Above from left to right are Buddy Roosevelt (with moustache), Benny Corbett, Tom London (on horseback), Jay Wilsey (Buffalo Bill Jr.) and Bob Roper in a scene from WESTWARD BOUND (Webb-Douglas Productions/Syndicate, 1931). Wilsey was the star of this early sound film which was directed by Harry S. Webb, the later owner (with B. B. Ray) of Reliable Pictures.



(Courtesy of Dorothy Hack)

Above from L-to-R are Stanley Blystone, Tom London, Herman Hack, old codger Jack Duffy and Gaylord (Steve) Pendleton in a scene from TRAIL'S END (Beaumont, 1935), which starred Conway Tearle.



(From Old Corral image collection)

Above from L-to-R are Joe De La Cruz, Jayne Regan, Jack Perrin, Slim Whitaker and Tom London in THE CACTUS KID (Reliable, 1935).



(Courtesy of Les Adams)

Above from L-to-R are Jack Perrin, Tom London, Roger Williams and Oscar Gahan in a lobby card from WILDCAT SAUNDERS (Atlantic, 1936).



(From Old Corral image collection)

From L-to-R are Tom London, Max Terhune, John Wayne, and Ray "Crash" Corrigan in SANTA FE STAMPEDE (Republic, 1938), one of the Three Mesquiteers films.



(Courtesy of Les Adams)

Above from L-to-R are Tommy Coats, Bob Clark, Tom London, Herman Willingham, Herman Nowlin/Nolan, and Clyde Kinney in GHOST VALLEY RAIDERS (Republic, 1940), which starred Don Barry.



(From Old Corral image collection)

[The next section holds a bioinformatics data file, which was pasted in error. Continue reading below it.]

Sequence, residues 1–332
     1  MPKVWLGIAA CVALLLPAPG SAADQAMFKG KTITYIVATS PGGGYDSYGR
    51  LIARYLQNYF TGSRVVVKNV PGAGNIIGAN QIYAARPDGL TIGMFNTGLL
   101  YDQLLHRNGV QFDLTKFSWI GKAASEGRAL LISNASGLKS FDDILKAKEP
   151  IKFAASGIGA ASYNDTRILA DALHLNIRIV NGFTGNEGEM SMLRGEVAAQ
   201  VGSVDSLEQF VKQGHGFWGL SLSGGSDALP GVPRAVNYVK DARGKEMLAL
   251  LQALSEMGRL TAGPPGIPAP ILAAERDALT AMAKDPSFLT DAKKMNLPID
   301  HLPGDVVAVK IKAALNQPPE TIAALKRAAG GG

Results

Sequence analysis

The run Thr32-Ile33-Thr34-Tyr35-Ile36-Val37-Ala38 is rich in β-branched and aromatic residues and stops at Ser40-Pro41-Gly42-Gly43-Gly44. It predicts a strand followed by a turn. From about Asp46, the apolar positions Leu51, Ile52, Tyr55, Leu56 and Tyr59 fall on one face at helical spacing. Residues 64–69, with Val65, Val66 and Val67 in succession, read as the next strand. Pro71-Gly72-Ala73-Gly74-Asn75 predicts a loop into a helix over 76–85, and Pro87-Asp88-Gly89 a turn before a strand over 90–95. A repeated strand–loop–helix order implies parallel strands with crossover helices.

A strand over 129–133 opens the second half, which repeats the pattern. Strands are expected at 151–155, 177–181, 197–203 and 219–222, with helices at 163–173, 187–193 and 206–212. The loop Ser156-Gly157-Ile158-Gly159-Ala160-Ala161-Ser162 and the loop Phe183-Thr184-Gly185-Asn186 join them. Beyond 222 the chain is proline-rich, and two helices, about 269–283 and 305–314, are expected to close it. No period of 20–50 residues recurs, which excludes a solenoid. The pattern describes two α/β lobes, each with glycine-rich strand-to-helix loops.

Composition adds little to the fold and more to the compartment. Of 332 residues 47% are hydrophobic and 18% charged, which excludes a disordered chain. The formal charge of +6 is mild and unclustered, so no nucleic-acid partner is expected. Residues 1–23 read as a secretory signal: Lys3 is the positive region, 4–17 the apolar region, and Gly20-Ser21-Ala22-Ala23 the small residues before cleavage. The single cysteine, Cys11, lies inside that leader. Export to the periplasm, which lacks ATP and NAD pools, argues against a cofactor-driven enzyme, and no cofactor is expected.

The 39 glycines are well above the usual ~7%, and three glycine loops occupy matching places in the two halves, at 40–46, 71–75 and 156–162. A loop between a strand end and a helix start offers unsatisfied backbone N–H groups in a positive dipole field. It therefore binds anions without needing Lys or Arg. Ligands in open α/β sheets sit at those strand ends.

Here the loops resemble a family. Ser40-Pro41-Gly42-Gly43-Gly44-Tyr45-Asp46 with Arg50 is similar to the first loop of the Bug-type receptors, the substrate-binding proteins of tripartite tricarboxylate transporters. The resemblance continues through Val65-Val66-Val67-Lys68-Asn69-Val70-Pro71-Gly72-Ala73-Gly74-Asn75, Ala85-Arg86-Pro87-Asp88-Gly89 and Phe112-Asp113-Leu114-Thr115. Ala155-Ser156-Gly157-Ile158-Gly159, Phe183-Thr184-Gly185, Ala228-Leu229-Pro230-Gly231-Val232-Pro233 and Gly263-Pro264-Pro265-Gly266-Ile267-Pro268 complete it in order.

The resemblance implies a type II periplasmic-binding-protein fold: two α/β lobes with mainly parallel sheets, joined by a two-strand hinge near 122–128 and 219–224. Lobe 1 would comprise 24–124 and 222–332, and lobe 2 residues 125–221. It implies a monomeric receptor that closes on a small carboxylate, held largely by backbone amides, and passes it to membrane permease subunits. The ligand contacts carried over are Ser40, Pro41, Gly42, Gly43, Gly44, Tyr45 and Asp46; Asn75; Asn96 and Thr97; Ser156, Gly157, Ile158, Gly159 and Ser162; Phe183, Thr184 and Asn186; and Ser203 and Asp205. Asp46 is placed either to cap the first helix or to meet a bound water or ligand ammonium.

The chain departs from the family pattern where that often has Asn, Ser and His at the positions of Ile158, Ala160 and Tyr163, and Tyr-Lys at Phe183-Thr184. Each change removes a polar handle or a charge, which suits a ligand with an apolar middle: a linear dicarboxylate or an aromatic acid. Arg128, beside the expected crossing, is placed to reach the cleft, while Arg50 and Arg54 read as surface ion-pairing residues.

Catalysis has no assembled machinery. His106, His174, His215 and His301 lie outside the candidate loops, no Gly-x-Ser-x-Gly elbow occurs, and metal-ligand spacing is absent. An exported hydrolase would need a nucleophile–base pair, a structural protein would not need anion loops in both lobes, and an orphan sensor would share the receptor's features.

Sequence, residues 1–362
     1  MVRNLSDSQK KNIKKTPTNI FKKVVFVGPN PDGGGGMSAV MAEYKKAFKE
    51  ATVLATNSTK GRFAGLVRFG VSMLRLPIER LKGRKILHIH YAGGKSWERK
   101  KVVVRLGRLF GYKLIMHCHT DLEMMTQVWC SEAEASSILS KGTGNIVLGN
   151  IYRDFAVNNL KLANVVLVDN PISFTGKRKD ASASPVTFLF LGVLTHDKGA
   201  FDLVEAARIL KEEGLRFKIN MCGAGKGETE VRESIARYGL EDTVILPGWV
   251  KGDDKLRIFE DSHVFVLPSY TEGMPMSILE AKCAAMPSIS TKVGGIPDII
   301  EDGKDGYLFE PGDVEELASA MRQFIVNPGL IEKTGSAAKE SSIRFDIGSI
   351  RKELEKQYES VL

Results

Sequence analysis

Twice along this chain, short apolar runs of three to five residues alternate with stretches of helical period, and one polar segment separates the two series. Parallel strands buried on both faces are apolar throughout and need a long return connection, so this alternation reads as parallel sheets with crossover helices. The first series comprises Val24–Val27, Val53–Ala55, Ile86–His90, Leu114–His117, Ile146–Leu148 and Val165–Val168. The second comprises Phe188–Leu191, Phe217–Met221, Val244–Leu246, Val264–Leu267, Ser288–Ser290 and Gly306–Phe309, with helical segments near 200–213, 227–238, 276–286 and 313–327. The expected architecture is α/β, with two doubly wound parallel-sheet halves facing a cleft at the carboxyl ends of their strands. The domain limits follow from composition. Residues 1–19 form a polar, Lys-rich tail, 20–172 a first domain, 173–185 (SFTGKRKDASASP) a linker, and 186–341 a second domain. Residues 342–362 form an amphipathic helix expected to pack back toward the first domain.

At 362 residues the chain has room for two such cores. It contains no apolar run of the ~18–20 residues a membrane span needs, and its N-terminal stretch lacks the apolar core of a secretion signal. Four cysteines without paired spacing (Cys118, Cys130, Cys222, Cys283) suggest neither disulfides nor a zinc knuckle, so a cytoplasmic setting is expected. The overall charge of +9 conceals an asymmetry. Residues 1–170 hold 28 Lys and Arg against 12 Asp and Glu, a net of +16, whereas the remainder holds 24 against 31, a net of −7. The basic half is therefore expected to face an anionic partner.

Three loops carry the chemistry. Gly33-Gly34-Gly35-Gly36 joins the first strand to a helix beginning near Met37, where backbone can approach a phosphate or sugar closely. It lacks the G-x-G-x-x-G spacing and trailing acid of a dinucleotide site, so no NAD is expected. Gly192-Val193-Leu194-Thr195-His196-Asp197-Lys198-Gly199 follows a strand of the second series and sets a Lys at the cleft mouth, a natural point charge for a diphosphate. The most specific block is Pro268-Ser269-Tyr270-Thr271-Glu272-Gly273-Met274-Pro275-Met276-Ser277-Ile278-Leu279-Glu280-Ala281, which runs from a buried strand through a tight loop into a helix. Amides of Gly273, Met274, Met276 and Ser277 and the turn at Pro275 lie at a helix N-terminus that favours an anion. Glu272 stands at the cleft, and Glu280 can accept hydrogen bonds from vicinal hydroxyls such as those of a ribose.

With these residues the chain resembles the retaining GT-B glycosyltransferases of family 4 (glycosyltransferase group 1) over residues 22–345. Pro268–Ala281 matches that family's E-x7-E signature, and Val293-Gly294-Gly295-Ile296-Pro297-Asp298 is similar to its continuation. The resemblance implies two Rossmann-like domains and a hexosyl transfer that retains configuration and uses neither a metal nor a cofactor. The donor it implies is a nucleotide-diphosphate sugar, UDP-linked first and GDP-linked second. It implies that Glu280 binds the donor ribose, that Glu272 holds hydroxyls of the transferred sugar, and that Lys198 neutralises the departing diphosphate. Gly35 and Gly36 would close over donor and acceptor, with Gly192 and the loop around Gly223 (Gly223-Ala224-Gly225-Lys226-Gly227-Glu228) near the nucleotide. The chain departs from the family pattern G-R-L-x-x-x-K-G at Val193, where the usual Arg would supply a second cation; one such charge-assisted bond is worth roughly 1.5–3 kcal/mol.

Above from left to right are Tom London, Frank LaRue and Tex Ritter in a lobby card from ROLL, WAGONS, ROLL (Monogram, 1940).



(From Old Corral image collection)

Above, an interesting lobby card from RIDING THE SUNSET TRAIL (Monogram, 1941), and from L-to-R are: Betty Miles, Tom Keene, Kenne Duncan, Sherry Tansey (James Sheridan Tansey), Earl Douglas, and Tom London. Earl Douglas' real name was Lou Yaconelli, the brother of sidekick Frank Yaconelli. If you look close, you might make out the moustached Arkansas Slim Andrews to the right of Keene's face. Can you spot the error on this lobby card - look at all the gunbelts and the holsters as they are on the left side. Apparently, the photo used in preparation of this card was reversed.



(Image courtesy of Carol Murray and her "Jack Hendricks Photo Album")

Lawmen Jack Hendricks (on the left) and Tom London (right) have the drop on Ray 'Crash' Corrigan in a scene from Range Busters #8, FUGITIVE VALLEY (Monogram, 1941).



(From Old Corral image collection)

From L-to-R are Robert 'Bobby' Blake as Little Beaver, Roy Barcroft, Jack Kirk, Tom London and Bill Elliott in a lobby card from CHEYENNE WILDCAT (Republic, 1944), one of the Red Ryder adventures.



(Courtesy of Les Adams)

Above from L-to-R are Herman Hack, Henry Wills, Cliff Parkinson and Tom London in THE SAN ANTONIO KID (Republic, 1944), one of the Red Ryder series starring Bill Elliott.



(From Old Corral image collection)

Above is Tom London, without his false teeth, as the sidekick to Republic's Sunset Carson in the mid 1940s.



(From Old Corral image collection)

Above, Tom London (sans teeth), as Sunset Carson's helper in a lobby card from DAYS OF BUFFALO BILL (Republic, 1946). The body on the floor is Rex Lease, one-time cowboy hero and frequent bit player/supporting actor.



(Image courtesy of Ted Osborn)

Above is the gang facing Sunset Carson in ALIAS BILLY THE KID (Republic, 1946). From L-to-R in the above lobby card are Tom London, Peggy Stewart, Russ Whiteman and the bearded Tex Terry.



(From Old Corral image collection)

From L-to-R are Tom London, Allan Lane with Peggy Stewart in his arms, whiskered Emmett Lynn, Pierce Lyden, and in the front is Bobby Blake as Little Beaver. Lobby card from RUSTLERS OF DEVIL'S CANYON (Republic, 1947), one of the Red Ryder adventures.